The emergence of the SARS-CoV-2 virus, and the devastating impacts of COVID-19 disease in countries and territories around the world, has brought irrevocable changes to our lives, the global economy, and the industries of which it is comprised. While the immediate focus for health systems globally has been in preparing for and responding to the health crisis precipitated by the pandemic, health leaders around the world are increasingly looking toward the post-COVID-19 new reality for healthcare.
Though the foundations of this new reality will have at their core the objectives of financial sustainability, safety and quality in the delivery of care, and access to services, the world’s leading health systems are questioning whether this new reality demands more than simply another incremental improvement. The lessons they have learned through the COVID-19 crisis point perhaps to a more troubling conclusion: that we have allowed our deference to the complexity of our health systems to drastically limit the scale, scope and speed of the transformation that they very much need.
Consider, for example, the need to transform the healthcare ‘experience’ for patients and carers (hereafter referred to as consumers) and healthcare workers. Other industries facing the evolution of consumer expectations have met this new challenge through digital transformation. They have provided more seamless experiences that consumers value while fundamentally changing the way their businesses operate. In entertainment, organizations that previously focused on content creation, have pivoted successfully into new distribution channels that connect them directly with consumers at lower costs. In retail, organizations with long term investments in store-front infrastructure have refocused on omnichannel strategies, allowing them to be more responsive to the dramatic shifts in their sector.
The emerging evidence from health systems around the world is that COVID-19 will provide the impetus for similar, long overdue changes to the way that we receive and deliver care. The new reality for healthcare will require redesign of care systems to address primary, secondary, community and acute care in a post-COVID-19 world. It will demand a more agile, inter-professional workforce that will deliver team-based care; with empowered front-line staff leveraging technology (including virtual care) to allow them to focus on higher-value work. And it will need to sustain virtual care and digital advancements that healthcare consumers have now come to expect to ensure continuous access to health services in a safe and convenient way.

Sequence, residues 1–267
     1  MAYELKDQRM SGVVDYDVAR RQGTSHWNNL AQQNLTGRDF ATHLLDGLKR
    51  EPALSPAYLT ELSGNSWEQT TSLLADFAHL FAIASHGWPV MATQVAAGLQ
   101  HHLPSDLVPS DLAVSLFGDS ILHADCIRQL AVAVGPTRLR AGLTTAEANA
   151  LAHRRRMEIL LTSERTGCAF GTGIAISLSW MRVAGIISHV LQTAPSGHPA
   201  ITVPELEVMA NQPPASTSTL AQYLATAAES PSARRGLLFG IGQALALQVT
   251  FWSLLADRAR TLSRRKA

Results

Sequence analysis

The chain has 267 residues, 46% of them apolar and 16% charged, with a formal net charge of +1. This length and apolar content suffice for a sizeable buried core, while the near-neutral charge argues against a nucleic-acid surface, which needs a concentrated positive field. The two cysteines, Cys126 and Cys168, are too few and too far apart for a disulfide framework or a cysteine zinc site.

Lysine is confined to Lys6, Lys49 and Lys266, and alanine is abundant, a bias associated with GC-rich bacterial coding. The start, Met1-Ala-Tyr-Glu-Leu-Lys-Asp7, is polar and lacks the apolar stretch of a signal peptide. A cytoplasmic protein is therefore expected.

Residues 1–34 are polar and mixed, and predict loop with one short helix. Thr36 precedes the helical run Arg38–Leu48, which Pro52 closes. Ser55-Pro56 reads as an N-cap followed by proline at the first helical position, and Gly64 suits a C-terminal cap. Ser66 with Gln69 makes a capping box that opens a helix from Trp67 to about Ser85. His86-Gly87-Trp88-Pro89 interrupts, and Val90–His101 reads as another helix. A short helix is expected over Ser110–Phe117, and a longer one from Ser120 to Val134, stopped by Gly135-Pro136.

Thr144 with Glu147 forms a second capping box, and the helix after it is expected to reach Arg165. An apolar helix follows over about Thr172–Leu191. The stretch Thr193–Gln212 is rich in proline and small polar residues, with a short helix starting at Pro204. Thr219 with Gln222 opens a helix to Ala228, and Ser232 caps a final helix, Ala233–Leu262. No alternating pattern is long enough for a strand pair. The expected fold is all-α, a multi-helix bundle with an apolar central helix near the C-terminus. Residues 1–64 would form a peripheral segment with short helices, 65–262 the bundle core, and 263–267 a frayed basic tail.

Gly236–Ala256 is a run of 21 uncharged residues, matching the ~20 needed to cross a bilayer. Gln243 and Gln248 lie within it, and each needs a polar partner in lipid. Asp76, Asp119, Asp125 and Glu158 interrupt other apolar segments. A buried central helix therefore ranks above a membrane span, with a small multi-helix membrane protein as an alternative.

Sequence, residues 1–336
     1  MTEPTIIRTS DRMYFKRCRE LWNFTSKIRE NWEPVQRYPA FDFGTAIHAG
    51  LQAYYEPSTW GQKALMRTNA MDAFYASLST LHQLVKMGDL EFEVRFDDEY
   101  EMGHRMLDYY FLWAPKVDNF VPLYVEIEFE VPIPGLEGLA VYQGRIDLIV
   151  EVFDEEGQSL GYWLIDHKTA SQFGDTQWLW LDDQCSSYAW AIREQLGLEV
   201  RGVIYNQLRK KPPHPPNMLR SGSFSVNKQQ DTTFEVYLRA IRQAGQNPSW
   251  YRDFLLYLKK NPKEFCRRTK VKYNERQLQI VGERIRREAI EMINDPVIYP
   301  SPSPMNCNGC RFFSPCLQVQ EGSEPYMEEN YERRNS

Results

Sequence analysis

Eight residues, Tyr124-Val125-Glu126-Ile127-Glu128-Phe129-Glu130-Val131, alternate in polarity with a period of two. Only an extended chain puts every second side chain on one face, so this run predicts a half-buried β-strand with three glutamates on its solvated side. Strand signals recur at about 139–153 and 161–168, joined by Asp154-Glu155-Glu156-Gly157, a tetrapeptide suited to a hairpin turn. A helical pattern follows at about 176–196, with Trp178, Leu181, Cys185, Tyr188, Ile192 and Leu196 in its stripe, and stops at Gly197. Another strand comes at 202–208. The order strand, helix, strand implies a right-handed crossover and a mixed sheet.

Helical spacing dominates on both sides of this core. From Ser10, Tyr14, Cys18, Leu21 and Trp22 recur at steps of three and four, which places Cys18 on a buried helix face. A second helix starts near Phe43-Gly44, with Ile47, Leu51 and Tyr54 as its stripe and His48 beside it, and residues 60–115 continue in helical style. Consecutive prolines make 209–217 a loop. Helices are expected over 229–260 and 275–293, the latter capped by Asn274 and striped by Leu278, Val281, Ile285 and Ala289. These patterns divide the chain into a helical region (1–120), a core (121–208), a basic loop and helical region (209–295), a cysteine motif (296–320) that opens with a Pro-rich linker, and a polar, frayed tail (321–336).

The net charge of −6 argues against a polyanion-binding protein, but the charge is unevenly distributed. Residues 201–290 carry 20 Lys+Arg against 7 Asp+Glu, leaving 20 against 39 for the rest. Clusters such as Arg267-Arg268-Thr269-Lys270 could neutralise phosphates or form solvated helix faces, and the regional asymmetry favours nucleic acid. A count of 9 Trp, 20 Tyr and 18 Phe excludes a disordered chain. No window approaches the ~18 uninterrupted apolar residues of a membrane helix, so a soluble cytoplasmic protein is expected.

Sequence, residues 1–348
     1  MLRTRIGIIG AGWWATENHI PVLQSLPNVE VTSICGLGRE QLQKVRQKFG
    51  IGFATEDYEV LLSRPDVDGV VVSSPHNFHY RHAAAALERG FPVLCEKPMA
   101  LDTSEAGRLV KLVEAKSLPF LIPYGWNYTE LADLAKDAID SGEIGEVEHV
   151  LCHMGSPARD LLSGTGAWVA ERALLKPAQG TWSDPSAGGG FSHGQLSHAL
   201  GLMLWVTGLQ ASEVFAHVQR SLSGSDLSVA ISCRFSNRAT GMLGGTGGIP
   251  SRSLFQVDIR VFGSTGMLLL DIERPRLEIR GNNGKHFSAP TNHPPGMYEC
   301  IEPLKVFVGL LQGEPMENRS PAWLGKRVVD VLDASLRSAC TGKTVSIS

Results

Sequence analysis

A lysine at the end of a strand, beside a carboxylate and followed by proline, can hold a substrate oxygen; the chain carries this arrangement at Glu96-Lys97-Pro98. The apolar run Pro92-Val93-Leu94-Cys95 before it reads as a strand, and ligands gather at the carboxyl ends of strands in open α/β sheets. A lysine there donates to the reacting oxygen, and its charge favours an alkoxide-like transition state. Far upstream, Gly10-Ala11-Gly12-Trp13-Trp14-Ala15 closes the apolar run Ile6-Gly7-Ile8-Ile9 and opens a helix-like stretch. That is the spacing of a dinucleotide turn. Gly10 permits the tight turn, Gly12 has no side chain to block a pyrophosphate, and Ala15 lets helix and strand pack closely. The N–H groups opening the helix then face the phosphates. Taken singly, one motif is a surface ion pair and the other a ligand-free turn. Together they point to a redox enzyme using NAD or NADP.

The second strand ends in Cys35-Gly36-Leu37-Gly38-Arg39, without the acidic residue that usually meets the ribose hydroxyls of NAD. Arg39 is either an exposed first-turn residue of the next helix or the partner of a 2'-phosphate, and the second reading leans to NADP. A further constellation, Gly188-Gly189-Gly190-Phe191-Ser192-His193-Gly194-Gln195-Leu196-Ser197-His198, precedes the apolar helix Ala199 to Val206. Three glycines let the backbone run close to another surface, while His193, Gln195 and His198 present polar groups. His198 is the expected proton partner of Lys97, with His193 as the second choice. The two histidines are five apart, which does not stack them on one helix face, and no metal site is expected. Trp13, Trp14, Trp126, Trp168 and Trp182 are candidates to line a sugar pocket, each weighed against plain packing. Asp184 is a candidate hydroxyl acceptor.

These shifts were clearly being felt in healthcare systems prior to the onset of COVID-19, albeit at much slower rates of change than in other industries. Through a Forrester survey, KPMG International (KPMGI) asked four hundred health leaders in nine jurisdictions to shed light on what they felt were the most important changes coming to healthcare and how they were preparing for these changes.1
Globally, this survey found that while the vast majority of healthcare leaders listed consumer centricity as a high priority, they felt that they were being limited by barriers (of which digital-related barriers were the most significant) and gaps in capability.2
In other words, we have allowed the complexity of our systems to prevail over our expressed desire to put patients at the very center of care and the systems that deliver it. As a result, only ten percent of respondents truly believe that they are consistently exceeding patient expectations.3
So if the experience of consumers is to be the ‘true north’ of our health systems, how should executives, clinicians, payers and policy makers navigate toward it as the pandemic subsides? How can they embrace the promise of digital to give consumers what they need and expect while managing within a new era of austerity and fiscal constraint that will arise from a long term recession? And how should fatigued workforces be balanced against the substantial shift in ways of work that the digital age of healthcare will almost certainly herald?
To support health systems in this shift, KPMG Healthcare specialists seek to set out how healthcare organizations can deliver the digital transformation needed to be successful in this new reality. KPMG’s vision is of a truly connected health system, where digital transformation allows healthcare consumers to experience a seamless care journey that is:
KPMG’s “Connected Health: The new reality for healthcare” builds on our previous COVID-19 insights. This thought leadership also provides a vision and the practical framework that underpins it seeks to enable organizations in orchestrating the myriad of interconnected changes required to deliver this vision. The KPMG Connected Enterprise for Health framework was developed through KPMG member firms’ experiences of working with clients in healthcare systems in 46 countries and territories around the world prior to and during the COVID-19 crisis.
There are KPMG Connected Enterprise for Health specialists in the following geographies:
1 Forrester Consulting. (2019). Healthcare Providers Data Review. Internal KPMG report: unpublished.
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